Talk Shows' Return Boosts Internet Royalties Debate
David Letterman's agreement with the Writers Guild of America is seen as a first step, but not a win for Hollywood's writers.
David Letterman returns to the air Wednesday after about two months of reruns thanks to an agreement he brokered with the Writers Guild of America.
Letterman and The Late Late Show with Craig Ferguson will have their writers as they and other talk show hosts bring their first new material to viewers since the networks ran out of scripts because of a writers' strike. Other hosts will have to contend with picket lines, as the writers continue protesting producers' offers regarding residuals and Internet royalties.
Still, union leaders expressed hope that the deal brokered with Letterman's Worldwide Pants production company could lead to progress with other networks.
"This agreement is a positive step forward in our effort to reach an industry-wide contract," Patric M. Verrone and Michael Winship, presidents of the WGA West and East, announced in a joint statement. "While we know that these deals put only a small number of writers back to work, three strategic imperatives have led us to conclude that this deal, and similar potential deals, are beneficial to our overall negotiating efforts."
The pair said that, because of a lack of success with the AMPTP, the union will continue working toward individual deals with its members -- a move they hope will increase pressure on the bargaining unit for more than 350 production companies and studios.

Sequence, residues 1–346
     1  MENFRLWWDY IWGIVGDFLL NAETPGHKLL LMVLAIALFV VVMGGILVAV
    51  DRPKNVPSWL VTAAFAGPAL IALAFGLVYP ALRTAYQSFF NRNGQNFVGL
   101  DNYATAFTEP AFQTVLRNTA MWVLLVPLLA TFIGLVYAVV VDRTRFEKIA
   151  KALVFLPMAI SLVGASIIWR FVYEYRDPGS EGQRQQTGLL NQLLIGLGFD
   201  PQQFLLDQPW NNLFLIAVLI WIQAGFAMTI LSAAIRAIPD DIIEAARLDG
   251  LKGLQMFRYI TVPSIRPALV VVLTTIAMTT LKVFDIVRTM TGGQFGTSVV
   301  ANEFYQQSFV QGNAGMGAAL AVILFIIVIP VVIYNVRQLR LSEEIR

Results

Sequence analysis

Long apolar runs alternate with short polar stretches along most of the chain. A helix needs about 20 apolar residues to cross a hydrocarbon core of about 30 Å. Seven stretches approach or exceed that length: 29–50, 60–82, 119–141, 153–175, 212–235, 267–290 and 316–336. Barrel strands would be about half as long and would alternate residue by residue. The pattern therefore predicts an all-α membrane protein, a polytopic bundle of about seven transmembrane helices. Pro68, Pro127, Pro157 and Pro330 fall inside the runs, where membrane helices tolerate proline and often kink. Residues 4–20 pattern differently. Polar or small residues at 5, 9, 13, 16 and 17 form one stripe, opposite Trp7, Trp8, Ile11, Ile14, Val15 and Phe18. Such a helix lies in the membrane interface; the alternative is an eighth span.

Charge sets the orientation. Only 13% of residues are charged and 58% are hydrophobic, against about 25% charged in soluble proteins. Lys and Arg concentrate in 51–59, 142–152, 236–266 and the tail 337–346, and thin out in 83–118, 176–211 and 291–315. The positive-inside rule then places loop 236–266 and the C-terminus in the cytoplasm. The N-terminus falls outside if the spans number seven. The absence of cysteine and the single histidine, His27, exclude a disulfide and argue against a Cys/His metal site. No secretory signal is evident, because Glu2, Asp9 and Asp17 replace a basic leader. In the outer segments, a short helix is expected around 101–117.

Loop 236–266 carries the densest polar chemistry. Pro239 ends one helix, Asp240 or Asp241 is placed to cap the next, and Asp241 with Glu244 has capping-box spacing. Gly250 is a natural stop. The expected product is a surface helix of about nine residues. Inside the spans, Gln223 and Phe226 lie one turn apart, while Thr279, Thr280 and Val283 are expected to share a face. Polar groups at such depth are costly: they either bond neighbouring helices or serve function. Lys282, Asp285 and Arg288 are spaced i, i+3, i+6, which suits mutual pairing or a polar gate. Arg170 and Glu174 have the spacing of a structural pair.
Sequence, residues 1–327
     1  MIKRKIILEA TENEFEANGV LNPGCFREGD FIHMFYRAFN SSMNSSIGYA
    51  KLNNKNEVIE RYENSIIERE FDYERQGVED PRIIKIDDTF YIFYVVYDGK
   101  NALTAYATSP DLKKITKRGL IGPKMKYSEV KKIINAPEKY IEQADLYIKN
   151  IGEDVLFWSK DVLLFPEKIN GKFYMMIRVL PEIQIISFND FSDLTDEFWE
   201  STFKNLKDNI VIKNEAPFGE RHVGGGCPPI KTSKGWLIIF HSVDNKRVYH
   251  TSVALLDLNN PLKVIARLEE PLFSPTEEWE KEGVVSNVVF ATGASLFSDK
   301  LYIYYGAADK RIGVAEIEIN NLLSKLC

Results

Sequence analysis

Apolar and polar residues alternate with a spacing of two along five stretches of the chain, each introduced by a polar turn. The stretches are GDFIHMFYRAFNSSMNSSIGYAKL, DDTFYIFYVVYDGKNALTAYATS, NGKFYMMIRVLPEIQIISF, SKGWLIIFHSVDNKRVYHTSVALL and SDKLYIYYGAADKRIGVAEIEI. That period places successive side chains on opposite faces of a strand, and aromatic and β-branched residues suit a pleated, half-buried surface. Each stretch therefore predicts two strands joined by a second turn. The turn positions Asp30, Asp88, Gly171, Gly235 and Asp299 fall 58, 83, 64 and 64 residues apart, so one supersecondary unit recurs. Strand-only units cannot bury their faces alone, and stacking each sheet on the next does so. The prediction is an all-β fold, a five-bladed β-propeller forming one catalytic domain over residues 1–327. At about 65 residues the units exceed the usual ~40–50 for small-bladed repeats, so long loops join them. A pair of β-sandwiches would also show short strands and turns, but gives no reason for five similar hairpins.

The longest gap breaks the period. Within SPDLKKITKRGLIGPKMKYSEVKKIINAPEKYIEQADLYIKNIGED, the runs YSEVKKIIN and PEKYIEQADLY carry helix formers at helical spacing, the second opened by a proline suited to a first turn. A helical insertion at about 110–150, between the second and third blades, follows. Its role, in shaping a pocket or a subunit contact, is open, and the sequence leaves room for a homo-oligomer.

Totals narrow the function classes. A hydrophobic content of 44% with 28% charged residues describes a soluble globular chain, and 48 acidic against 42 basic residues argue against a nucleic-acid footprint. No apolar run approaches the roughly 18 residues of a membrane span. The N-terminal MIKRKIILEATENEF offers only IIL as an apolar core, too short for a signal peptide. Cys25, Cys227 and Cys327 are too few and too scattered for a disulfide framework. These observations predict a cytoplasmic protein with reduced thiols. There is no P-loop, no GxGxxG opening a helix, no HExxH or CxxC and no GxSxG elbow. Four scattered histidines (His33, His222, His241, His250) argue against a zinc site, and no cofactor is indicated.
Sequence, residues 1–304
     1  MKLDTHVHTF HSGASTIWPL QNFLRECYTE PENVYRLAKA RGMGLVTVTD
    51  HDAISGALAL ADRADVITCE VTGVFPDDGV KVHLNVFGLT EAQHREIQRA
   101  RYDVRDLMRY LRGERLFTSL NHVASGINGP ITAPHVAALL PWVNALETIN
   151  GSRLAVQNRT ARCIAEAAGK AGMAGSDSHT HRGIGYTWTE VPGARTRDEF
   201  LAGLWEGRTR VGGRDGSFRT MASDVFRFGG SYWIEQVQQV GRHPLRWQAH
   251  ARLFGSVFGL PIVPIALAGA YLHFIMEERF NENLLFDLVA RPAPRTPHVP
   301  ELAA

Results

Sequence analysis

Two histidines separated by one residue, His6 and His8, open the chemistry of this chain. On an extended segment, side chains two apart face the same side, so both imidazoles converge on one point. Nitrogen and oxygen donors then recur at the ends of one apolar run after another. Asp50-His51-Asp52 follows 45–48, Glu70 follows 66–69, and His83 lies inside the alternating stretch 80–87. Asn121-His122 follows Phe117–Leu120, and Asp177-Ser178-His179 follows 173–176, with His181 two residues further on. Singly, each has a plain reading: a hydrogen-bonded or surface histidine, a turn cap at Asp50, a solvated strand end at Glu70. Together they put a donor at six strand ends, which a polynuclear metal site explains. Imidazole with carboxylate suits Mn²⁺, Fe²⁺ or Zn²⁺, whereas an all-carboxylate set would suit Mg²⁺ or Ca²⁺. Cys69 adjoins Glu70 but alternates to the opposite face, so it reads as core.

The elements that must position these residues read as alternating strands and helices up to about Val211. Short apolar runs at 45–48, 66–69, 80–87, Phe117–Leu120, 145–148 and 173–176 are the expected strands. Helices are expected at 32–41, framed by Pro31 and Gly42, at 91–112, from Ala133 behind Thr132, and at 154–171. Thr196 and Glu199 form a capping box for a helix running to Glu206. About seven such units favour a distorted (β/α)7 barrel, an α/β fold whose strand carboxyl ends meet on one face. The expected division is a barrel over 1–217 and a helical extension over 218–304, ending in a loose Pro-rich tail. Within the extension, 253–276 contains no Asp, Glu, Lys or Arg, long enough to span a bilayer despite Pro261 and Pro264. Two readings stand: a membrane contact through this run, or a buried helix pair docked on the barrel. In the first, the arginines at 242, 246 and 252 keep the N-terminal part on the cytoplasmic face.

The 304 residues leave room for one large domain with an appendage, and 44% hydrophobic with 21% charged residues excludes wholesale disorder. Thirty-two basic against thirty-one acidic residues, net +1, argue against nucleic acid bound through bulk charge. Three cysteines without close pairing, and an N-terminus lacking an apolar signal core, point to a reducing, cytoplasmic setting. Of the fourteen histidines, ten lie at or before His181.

"Companies who have a WGA deal and Guild writers will have a clear advantage," they said. "Companies that do not will increasingly find themselves at a competitive disadvantage. Indeed, such a disadvantage could cost competing networks tens of millions in refunds to advertisers."
Winship urged members to picket The Tonight Show with Jay Leno, Jimmy Kimmel Live, and Late Night with Conan O'Brien as the hosts return without writers. He said picketers are protesting the networks, not the hosts, who are union members and support the strike.
In the meantime, the AMPTP has posted a running tally on its Web site to show that the strike has lost writers more money than they had hoped to gain.
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